Where has the map method on Optional moved?

Paul Sandoz paul.sandoz at oracle.com
Tue Feb 26 04:49:48 PST 2013

On Feb 26, 2013, at 1:37 PM, Tim Peierls <tim at peierls.net> wrote:

> On Tue, Feb 26, 2013 at 5:47 AM, Paul Sandoz <paul.sandoz at oracle.com> wrote:
> On Feb 26, 2013, at 6:16 AM, Sam Pullara <sam at sampullara.com> wrote:
> > I've never been comfortable with this. I'm glad Jed is calling it out.
> > Can we make Optional first class or remove it?
> Trawling through the email archives i cannot find specific discussion on Optional.map/flatMap, anyone recall such discussion? There is some general discussion on not going down the route of an option monad.
> In particular, you wrote:
> java.util.Optional has a narrower scope that optional things in other languages. We are not trying to shoe-horn in an option monad. 
> And I say amen to that. Keep Optional, and keep it lean and mean. (At least as lean as the Guava Optional.)

I notice Guava's Optional has a transform method:


> Since we have added a Stream.flatMap method following the pattern expected of it, does that give more weight to argument of adding such a method to Optional, perhaps of the same or a different name to disassociate with Stream itself?
> No, it doesn't. The two are unrelated. Stream is a lofty abstraction and Optional is (or should be) a grunt-level utility.
> I find myself more and more leaning towards the position of if we include an Option class some developers will expect bind functionality, it seems useful, and nor is it hard to explain its use while avoiding mention the "m" word.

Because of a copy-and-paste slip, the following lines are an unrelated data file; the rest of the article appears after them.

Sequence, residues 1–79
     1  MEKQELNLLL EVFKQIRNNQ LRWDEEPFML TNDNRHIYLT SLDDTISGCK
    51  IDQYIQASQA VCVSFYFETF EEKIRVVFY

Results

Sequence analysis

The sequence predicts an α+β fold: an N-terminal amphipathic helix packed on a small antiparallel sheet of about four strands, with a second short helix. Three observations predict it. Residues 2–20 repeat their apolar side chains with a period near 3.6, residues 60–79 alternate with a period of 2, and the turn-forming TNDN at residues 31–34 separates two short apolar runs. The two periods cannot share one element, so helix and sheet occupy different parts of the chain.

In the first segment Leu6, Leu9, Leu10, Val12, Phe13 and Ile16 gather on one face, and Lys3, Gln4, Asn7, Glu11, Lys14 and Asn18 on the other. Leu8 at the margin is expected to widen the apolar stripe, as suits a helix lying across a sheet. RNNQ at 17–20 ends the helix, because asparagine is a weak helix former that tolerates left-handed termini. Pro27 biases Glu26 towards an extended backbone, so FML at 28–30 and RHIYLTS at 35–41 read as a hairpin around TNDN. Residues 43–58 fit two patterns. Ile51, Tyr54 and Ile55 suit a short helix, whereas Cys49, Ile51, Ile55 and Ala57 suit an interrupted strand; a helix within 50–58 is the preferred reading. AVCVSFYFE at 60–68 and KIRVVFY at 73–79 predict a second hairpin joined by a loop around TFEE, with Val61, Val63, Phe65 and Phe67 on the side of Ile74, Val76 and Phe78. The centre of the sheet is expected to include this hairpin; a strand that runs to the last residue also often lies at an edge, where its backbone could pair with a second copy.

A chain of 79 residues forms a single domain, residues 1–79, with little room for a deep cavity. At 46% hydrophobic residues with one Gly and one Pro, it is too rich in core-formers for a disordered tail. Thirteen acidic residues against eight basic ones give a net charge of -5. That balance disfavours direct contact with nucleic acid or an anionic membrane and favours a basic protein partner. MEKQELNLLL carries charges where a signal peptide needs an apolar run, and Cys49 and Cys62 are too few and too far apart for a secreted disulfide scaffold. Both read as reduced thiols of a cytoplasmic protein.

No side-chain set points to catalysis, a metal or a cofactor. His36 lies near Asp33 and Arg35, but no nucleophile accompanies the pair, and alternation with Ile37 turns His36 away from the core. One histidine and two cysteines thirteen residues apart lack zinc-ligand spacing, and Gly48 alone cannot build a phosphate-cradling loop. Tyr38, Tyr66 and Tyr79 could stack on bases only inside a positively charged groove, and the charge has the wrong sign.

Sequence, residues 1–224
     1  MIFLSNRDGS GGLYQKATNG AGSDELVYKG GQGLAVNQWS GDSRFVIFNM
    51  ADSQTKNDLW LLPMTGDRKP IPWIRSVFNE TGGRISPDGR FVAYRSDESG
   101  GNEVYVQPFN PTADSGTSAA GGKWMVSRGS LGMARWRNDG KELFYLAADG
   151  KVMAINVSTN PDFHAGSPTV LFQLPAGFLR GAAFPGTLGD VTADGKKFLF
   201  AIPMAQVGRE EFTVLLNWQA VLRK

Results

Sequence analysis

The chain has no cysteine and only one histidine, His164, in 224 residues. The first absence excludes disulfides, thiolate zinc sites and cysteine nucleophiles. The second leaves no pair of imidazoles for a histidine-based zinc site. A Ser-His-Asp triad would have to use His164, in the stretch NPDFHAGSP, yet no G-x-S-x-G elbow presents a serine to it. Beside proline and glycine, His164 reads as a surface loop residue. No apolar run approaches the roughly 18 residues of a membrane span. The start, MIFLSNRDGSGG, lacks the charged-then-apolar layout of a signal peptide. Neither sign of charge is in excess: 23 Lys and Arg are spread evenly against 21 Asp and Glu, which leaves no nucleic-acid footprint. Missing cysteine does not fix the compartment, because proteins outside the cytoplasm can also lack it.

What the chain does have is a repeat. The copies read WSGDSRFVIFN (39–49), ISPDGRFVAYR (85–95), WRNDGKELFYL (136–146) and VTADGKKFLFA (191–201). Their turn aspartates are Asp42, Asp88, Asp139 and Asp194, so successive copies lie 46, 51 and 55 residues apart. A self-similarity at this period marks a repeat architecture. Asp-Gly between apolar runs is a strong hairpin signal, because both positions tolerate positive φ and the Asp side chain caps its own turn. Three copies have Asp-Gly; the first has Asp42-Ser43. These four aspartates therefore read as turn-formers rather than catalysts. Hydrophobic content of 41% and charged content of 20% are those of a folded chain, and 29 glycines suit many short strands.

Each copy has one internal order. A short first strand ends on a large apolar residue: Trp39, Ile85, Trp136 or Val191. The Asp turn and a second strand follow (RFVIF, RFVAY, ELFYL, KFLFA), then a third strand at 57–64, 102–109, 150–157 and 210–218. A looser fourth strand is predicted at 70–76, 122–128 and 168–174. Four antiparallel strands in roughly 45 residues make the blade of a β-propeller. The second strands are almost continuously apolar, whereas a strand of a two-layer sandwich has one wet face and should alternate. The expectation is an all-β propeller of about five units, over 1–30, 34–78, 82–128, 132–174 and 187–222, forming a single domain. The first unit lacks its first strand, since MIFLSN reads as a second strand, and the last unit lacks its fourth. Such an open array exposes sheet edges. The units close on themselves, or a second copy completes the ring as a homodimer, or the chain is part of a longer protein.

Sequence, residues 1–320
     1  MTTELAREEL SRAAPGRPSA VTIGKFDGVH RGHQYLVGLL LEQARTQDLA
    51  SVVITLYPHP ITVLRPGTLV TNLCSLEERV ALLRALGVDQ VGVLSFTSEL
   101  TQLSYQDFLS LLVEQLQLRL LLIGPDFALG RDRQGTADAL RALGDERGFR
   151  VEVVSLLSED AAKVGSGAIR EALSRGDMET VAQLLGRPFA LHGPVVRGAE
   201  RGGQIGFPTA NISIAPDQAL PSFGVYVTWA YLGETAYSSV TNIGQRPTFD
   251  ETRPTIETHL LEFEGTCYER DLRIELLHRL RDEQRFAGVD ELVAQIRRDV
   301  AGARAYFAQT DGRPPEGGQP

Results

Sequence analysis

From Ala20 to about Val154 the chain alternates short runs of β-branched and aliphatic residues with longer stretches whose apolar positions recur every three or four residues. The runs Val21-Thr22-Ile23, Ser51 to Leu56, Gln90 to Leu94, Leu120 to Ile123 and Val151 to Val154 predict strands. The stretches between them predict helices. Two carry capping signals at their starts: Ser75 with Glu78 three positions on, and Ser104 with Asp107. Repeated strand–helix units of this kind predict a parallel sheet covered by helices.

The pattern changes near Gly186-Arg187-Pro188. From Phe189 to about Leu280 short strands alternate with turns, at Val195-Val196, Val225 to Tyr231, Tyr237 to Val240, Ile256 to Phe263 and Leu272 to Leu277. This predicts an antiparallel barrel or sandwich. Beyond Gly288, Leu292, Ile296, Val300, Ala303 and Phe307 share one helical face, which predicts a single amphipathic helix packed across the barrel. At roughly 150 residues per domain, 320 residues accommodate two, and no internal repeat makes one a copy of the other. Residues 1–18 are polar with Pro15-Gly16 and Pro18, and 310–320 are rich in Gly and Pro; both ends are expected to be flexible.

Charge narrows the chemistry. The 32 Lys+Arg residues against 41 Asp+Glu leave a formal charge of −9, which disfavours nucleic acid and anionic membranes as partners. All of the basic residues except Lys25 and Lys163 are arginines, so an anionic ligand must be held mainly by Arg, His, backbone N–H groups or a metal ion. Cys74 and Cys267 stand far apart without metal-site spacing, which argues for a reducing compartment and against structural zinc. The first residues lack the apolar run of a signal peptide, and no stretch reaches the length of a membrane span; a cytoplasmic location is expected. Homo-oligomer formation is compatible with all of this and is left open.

> The more you saddle Optional with "might be useful" and "X might want this" features, the harder it will be for regular people -- people who don't know what a monad is -- to assimilate and use Optional sensibly. One of the reasons Doug Lea is not an Optional fan is fear of things like Collection<Optional<T>>, something that is less likely to happen with a minimalist Optional.

Especially so if we make it more difficult by removing the hashcode and equals methods.

> Here's another reason to stay lean: The more limited Optional is, the easier it will be some day to optimize away the extra object. Make it a first class participant and you can kiss those optimizations goodbye. 

Very true.

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